She offers a challenge. “Substitute words: Would the Church become better if we ordained Koreans to the diaconate? Left-handed people? Red-headed people? I think when you put it in those terms the question of ordaining women or not to the diaconate becomes a little silly, because there’s nothing against it.”

Promise and Crisis

Finally we turn to Dr. Alan Schreck, chairman of the theology department at Franciscan University in Steubenville, Ohio. His new book is Vatican II: The Crisis and the Promise (Servant Books). He personally remembers seeing the Council on “black-and-white TV, and knowing that something significant was going on,” but he was only 11 when the Council closed. Some of his devout students were profiled in a September 2005 Newsweek article discussing current trends in spirituality.

Schreck strikes a middle path in assessing Vatican II. “I think that Blessed John XXIII realized that there were monumental changes occurring in the world, both scientifically and technologically but also culturally, that demanded that the Church be able to express the gospel of Christ to that particular time in history. I think that’s why he called the Council and why it was so significant.”

On his list of the most successful achievements of the Council, he says, is our renewed study of Scripture and the Catholic Church’s renewed presence among biblical scholars. His list of the Council’s accomplishments is long. In renewal of the liturgy, “we’ve accomplished the full and active participation of all of the faithful in the worship of the Church.” The Church’s work in the modern world is taken seriously by people, especially laypeople, who “know their identity as Catholics.” Ecumenism and interfaith dialogue are “a tremendous breakthrough,” he adds. Finally, he sees a genuine faith renewal.

Alongside that there is an element of crisis, says Schreck. “Many Catholics are just not aware of the importance of the Council because they’re not really familiar with its actual teaching,” he asserts.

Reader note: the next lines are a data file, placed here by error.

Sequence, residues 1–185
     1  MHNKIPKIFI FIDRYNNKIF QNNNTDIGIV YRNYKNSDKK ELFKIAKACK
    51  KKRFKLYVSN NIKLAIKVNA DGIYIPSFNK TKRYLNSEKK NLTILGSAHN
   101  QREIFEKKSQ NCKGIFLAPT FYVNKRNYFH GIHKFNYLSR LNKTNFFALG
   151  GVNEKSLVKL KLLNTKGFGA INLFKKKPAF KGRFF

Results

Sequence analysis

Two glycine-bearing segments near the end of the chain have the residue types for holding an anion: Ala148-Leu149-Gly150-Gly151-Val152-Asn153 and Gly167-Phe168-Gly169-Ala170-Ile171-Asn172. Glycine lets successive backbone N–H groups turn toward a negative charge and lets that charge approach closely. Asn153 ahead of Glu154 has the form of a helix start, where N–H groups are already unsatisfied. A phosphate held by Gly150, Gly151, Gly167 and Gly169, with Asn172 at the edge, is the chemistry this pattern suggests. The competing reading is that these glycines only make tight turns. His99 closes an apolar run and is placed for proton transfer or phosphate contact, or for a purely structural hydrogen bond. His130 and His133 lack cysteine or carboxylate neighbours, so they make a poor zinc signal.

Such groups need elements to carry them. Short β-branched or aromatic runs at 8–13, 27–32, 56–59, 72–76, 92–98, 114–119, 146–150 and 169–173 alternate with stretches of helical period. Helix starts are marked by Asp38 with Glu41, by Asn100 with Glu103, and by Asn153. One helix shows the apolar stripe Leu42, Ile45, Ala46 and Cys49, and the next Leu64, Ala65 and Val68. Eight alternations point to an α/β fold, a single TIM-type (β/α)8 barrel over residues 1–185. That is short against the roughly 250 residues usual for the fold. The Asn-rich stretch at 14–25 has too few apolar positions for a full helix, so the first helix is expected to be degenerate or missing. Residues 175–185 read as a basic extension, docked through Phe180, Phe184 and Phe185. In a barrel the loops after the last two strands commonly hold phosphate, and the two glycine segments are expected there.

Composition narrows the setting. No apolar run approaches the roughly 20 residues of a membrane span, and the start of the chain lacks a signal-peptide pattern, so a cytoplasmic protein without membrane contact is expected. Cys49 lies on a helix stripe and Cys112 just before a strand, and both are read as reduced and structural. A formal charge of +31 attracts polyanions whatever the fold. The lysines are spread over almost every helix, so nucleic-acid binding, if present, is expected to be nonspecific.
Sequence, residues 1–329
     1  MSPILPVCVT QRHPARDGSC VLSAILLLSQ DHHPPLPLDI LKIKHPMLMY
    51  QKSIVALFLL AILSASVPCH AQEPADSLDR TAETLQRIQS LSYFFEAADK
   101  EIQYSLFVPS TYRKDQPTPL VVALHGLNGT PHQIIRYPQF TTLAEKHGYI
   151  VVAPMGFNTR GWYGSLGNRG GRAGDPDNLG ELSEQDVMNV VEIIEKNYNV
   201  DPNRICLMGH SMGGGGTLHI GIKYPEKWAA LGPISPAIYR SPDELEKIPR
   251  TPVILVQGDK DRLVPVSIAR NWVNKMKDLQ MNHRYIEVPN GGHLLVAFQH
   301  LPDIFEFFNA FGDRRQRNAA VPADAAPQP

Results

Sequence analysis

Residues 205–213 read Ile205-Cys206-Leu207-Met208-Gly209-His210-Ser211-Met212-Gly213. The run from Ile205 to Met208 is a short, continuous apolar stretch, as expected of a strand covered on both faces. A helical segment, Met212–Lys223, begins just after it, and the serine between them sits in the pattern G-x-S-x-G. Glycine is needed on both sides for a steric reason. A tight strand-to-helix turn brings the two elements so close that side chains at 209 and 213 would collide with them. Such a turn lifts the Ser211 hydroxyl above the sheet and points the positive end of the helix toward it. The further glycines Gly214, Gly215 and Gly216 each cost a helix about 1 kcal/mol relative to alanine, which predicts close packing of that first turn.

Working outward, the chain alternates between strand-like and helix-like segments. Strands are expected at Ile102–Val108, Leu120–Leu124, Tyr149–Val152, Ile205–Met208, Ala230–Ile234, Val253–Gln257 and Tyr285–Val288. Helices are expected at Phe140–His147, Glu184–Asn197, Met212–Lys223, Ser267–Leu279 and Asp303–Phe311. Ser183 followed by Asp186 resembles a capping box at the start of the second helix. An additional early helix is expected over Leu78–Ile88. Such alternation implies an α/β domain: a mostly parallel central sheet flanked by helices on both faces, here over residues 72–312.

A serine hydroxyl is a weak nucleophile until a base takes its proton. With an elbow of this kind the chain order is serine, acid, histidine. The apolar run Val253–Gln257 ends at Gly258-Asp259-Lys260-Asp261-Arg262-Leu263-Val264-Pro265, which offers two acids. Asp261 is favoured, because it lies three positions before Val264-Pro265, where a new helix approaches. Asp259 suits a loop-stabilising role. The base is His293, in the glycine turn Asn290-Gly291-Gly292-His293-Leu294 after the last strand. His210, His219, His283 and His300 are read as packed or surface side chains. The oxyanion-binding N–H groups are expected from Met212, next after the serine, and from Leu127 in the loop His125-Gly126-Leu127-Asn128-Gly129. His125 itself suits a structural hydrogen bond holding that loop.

Then there are those who misinterpret the Council. “Some think its teaching was either a break from past teaching or it was the cause of the dislocations in the Church such as the vocations crisis, the rejection of Humanae Vitae, the rejection of Church authority,” and they’re wrong, he says. On the other extreme are those who think that “the Council has been surpassed, that it really is just a mandate to change constantly what the Church stood for.” Both extremes are dangerous, he says.

Pope Paul VI and Pope John Paul II made implementation of the Council faithfully and fully central to their pontificates, says Schreck, and that is a good thing. He also sees hope in the presence of the Catechism of the Catholic Church, which “could rightly be called the Catechism of Vatican II,” he says, because it depends upon Vatican II for most of its citations. The Catechism, he says, echoing Pope Benedict XVI, will rightly correct a large absence in catechesis for the generation following the Council.

The decline in Mass attendance he faults more to cultural conditions than to Vatican II.

Like Hahnenberg, he sees studying the documents themselves as a key to understanding the Council. “My hope is that people will get over the initial fear of the documents and just begin to read one document. I think they’ll find that the documents are very clear and powerful and helpful.” He recommends starting with Lumen Gentium (the Dogmatic Constitution on the Church), especially its sections on the “Universal Call to Holiness” and on the particular vocations within the Church.

Listen to part 1 and part 2 of an interview with Dr. Alan Schreck

'Into the Deep!'

Looking at the Council from various perspectives can feel a bit daunting. Perhaps the variety of experiences points to the energy that Vatican II—and the Holy Spirit responsible for it—unleashed in the Church and in the world.

Cardinal Cassidy sums up the progress of the Church these past 40 years: “I think it’s an ongoing voyage. As we go, we run into new difficulties, but as we do, we see the new horizons to which the Holy Spirit is guiding us,” he says.

Along the way, we’ve put out “into the deep,” as the Lord said to his apostles (see Luke 5:1-11, and John Paul’s commentary on it). This, he says, is the importance of the Council. “It set before us, yes, new horizons, but also said to us, ‘Don’t be afraid; this is what the Church is all about.’”

The Council, Cardinal Cassidy says, reminded us that we “are here for the world, and not just in the sense of preaching and converting people to Christ. We are trying to create a civilization of love.”

John Feister is an assistant editor of this publication who holds a B.A. in American studies from the University of Dayton and master’s degrees in humanities and theology from Xavier University, Cincinnati.